Lice are primarily spread from animal to animal.
“Lice can travel in on new cattle,” Cundiff says. ”Any time you bring in new cattle, you need to be persistent about treating them.”
More specifically, Townsend says, “In enterprises where animals are added to the inventory on a regular basis, it is best to assume that all purchased animals are infested. They should be isolated from the resident animals until their full course of treatment is completed. Cross fence contact can be sufficient for spread of these insects, especially during the winter when louse burdens are greatest.”
Lice spend their lives on the host animal. According to Townsend, sucking lice typically die within a few hours of being removed from the host. Biting lice, he says, can live up to a few days off the host, under ideal conditions.
“A high-energy diet seems to reduce the effects of cattle lice on weight gains, perhaps because lice populations decline on better-fed cattle,” Townsend says. “A sound feeding program and high energy ration serves as the foundation of a louse control program.”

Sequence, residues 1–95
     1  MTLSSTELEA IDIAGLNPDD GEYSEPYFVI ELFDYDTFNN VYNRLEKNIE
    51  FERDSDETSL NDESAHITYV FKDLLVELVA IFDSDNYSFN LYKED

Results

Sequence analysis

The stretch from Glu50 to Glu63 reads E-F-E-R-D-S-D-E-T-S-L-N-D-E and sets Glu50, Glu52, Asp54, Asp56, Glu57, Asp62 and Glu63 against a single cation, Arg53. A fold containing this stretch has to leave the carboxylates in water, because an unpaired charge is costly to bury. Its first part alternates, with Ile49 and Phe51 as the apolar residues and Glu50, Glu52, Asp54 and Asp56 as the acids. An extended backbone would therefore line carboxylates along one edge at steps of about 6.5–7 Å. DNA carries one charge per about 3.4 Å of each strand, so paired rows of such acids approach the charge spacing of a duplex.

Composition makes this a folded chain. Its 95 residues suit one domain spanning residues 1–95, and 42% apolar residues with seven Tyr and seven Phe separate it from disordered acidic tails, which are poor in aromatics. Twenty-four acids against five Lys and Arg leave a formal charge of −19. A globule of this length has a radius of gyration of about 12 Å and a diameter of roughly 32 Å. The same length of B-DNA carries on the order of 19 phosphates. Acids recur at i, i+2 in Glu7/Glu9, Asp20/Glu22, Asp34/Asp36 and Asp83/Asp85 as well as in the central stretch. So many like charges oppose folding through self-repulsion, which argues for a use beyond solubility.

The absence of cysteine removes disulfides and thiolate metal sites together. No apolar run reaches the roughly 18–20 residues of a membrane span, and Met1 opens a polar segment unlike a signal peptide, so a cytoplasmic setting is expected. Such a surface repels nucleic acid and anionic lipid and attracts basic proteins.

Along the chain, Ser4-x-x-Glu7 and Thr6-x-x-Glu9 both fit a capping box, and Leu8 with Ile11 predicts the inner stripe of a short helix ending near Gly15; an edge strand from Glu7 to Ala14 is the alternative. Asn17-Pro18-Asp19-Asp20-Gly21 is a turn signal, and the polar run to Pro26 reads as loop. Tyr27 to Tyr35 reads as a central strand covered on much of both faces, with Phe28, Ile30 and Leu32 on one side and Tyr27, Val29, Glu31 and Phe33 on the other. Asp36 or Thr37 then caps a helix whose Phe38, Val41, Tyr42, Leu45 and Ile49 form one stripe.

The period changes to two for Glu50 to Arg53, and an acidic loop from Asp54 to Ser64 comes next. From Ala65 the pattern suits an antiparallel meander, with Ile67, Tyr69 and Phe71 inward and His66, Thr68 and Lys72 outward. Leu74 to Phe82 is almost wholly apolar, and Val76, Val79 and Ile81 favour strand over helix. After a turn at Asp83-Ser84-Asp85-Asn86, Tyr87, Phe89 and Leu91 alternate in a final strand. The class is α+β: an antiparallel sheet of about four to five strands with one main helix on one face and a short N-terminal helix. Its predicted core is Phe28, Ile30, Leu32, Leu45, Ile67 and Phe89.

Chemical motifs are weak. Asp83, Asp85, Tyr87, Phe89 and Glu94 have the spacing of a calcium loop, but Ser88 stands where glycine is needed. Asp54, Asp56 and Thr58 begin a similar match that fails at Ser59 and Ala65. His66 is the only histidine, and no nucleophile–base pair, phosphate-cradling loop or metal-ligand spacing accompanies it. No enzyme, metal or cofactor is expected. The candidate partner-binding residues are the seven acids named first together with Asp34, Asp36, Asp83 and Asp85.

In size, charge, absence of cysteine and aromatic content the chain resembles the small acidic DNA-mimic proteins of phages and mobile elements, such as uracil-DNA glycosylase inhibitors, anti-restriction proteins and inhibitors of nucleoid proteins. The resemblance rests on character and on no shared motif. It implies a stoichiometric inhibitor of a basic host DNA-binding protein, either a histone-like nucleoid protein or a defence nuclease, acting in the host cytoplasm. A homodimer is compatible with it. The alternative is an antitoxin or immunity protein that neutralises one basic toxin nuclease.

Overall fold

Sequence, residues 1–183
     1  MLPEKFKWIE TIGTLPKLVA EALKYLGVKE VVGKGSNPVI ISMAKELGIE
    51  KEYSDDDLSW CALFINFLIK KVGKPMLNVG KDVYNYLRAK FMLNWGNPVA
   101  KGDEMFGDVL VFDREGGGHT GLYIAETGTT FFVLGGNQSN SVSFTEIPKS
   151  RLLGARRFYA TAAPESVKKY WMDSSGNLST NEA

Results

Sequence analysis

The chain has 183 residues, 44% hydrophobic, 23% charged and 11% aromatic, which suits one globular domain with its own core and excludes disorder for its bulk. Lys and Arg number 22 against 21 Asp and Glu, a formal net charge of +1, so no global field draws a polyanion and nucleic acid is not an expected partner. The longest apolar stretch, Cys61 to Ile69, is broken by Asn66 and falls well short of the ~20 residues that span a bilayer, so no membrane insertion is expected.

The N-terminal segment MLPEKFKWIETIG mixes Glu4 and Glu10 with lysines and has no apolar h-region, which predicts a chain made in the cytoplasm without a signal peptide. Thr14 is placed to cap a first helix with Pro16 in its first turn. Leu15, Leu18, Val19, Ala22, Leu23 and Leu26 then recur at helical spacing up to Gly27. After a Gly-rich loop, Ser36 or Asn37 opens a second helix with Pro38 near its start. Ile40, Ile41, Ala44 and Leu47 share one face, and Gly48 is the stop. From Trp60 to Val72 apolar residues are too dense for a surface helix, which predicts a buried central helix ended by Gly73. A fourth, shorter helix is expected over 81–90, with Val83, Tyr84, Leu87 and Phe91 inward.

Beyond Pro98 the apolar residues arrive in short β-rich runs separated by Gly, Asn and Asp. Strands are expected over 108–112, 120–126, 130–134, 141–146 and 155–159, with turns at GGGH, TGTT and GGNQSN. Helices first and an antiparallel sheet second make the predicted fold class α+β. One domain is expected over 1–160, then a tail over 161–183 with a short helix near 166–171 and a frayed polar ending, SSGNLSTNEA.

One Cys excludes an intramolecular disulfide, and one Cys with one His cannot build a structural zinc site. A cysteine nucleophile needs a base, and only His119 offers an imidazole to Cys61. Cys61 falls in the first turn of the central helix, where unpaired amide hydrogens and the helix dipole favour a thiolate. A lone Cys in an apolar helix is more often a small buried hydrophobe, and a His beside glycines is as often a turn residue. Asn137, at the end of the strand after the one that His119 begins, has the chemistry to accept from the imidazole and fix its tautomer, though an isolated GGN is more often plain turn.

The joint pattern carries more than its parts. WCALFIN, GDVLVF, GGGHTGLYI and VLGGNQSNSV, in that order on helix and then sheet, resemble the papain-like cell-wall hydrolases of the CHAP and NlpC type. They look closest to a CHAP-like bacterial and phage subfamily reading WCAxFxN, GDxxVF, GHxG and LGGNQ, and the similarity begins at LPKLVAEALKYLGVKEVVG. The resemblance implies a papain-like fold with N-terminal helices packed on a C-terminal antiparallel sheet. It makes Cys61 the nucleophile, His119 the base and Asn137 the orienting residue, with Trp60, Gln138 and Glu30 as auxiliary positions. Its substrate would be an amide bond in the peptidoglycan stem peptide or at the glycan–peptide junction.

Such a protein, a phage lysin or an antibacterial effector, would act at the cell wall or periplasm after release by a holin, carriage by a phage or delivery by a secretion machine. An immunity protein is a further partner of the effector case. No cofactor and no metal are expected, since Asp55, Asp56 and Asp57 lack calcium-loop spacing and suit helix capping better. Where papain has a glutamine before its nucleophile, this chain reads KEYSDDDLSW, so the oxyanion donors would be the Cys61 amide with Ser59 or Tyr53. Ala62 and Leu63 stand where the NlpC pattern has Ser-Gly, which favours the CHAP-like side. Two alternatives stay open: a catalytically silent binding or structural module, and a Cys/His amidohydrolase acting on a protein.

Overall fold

Lice interventions include insecticide sprays, pour-ons and dust.
“As soon as summer comes, the lice begin to disappear and you get all kinds of horn flies. So, I use StandGuard in the in the summer and early fall for horn flies, and I use it in the winter and early spring for lice,” Cundiff says.
“I feel like when these cattle go home, the owner is going to see a calf that slicks up, doesn’t have any lice in the wintertime or as many horn flies bothering them in the summer,” Cundiff says.